2024-25 Project (Atkins & Hue)

Understanding the impact of vaccination on the spread of antibiotic resistance using phylogenetics



Dr Katherine Atkins at LSHTM
Email: katherine.atkins@lshtm.ac.uk


Dr Stéphane Hué at LSHTM
Email: stephane.hue@lshtm.ac.uk


 Project Summary

Vaccines against bacterial pathogens have been proposed as a means to combat antibiotic resistant infections (e.g. Lipsitch and Siber, 2016). For example, by reducing the total burden of pneumococcal infections, pneumococcal conjugate vaccines would also reduce the number of resistant pneumococcal infections. However, the exact impact of these vaccines are determined by the epidemiological and evolutionary dynamics of the circulating pathogens (Davies et al., 2021). Specifically, while the spatial structure of antibiotic use, the pathogen diversity and the within-host dynamics of infection can all determine the frequency of antibiotic resistant infections, the relative importance of these mechanisms is unknown. Therefore, understanding the impact of vaccines to prevent antibiotic resistance hinges on quantifying these dynamics.    

Phylogenetic analysis provides a tool to quantify infectious disease dynamics by leveraging the information contained in genetic sequence data to infer epidemic spread. This project will use rich genetic and complementary epidemiological data from a multi-year cluster randomized trial for a pneumococcal conjugate vaccine (PCV) in Vietnam to help elucidate the underlying dynamics of S. pneumoniae, a major cause of childhood pneumonia. Using deep sequence genetic data across four years of sampling in a high antibiotic use setting, these data will provide unparalleled insight into the dynamics of drug resistance and the impact of pneumococcal conjugate vaccines on drug resistant infections.    

The project will use an interdisciplinary combination of genetic sequence data analysis, epidemiology, and phylogenetic analysis.    

Lipsitch M and Siber G (2016) doi: 10.1128/mBio.00428-16  Davies NG, Flasche S, Jit M, Atkins KE (2021) doi: 10.1126/scitranslmed.aaz8690 
Tonkin-Hill, G., Ling, C., et al. (2022), (2019) doi:10.1038/s41564-022-01238-1

Project Key Words

phylogenetic analysis; infectious disease; epidemiology; vaccine

MRC LID Themes

  • Global Health = Yes
  • Health Data Science = No
  • Infectious Disease = Yes
  • Translational and Implementation Research = No


MRC Core Skills

  • Quantitative skills = Yes
  • Interdisciplinary skills = Yes
  • Whole organism physiology = No

Skills we expect a student to develop/acquire whilst pursuing this project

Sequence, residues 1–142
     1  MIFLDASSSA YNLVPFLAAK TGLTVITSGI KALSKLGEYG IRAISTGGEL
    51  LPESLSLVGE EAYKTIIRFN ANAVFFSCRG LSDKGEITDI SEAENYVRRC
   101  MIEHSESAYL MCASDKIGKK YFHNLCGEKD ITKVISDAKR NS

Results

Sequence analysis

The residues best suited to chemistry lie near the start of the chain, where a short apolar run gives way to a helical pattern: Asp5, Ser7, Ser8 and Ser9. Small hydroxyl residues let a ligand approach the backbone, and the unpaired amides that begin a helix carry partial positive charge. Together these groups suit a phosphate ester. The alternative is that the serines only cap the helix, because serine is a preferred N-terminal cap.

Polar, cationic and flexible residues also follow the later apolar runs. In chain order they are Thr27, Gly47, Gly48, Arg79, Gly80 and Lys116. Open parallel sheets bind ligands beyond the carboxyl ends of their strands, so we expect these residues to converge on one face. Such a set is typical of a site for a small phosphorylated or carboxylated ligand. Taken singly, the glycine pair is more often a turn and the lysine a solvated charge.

The candidate will develop their quantitative skills using phylogenetic, statistical and mathematical analysis. The student will develop or extend their programming expertise in languages, such as R or Python. Emphasis will be placed on developing and sharing code for the wider scientific community through platforms such as GitHub.     The student will learn to communicate their research through publication in peer-reviewed journals and presentation in scientific conferences. By working closely with experts in public health, sequence data, phylogenetic analysis and mathematical modelling, the student will become comfortable working within an interdisciplinary environment and interacting with a diverse scientific team.


Which route/s is this project available for?

  • 1+4 = Yes
  • +4 = Yes

Possible Master’s programme options identified by supervisory team for 1+4 applicants:

  • LSHTM – MSc Health Data Science

Full-time/Part-time Study

Is this project available for full-time study? Yes
Is this project available for part-time study? Yes


Particular prior educational requirements for a student undertaking this project

  • LSHTM’s standard institutional eligibility criteria for doctoral study.
  • Desirable: previous coding experience; phylogenetic experience

Other useful information

  • Potential CASE conversion? = No


 Scientific description of this research project

1. Project objectives   
a. Characterise the spatial epidemiology of Streptococcus pneumoniae drug resistance within the high burden settings of Nha Trang, Vietnam.  
b. Evaluate the local and regional spread of Streptococcus pneumoniae drug resistance using phylogenetics. 
c. Quantify the impact of pneumococcal conjugate vaccine on the spread of Streptococcus pneumoniae drug resistance.   

2. Techniques to be used   
The project will use an interdisciplinary combination of genetic sequence data analysis, epidemiology, and phylogenetic analysis.   

3. Confirmed availability of any required databases or specialist materials   
This project will use already-collected rich sequence data and complementary epidemiological data from a multi-year cluster randomized trial for a pneumococcal conjugate vaccine (PCV) in Vietnam.    

4. Potential risks to the project and plans for their mitigation.   
No foreseeable risks. The data are rich with numerous scientific questions that can be investigated.

Further reading

(Relevant preprints and/or open access articles)

Additional information from the supervisory team

  • The supervisory team has provided a recording for prospective applicants who are interested in their project. This recording should be watched before any discussions begin with the supervisory team.
    Atkins-Hue Recording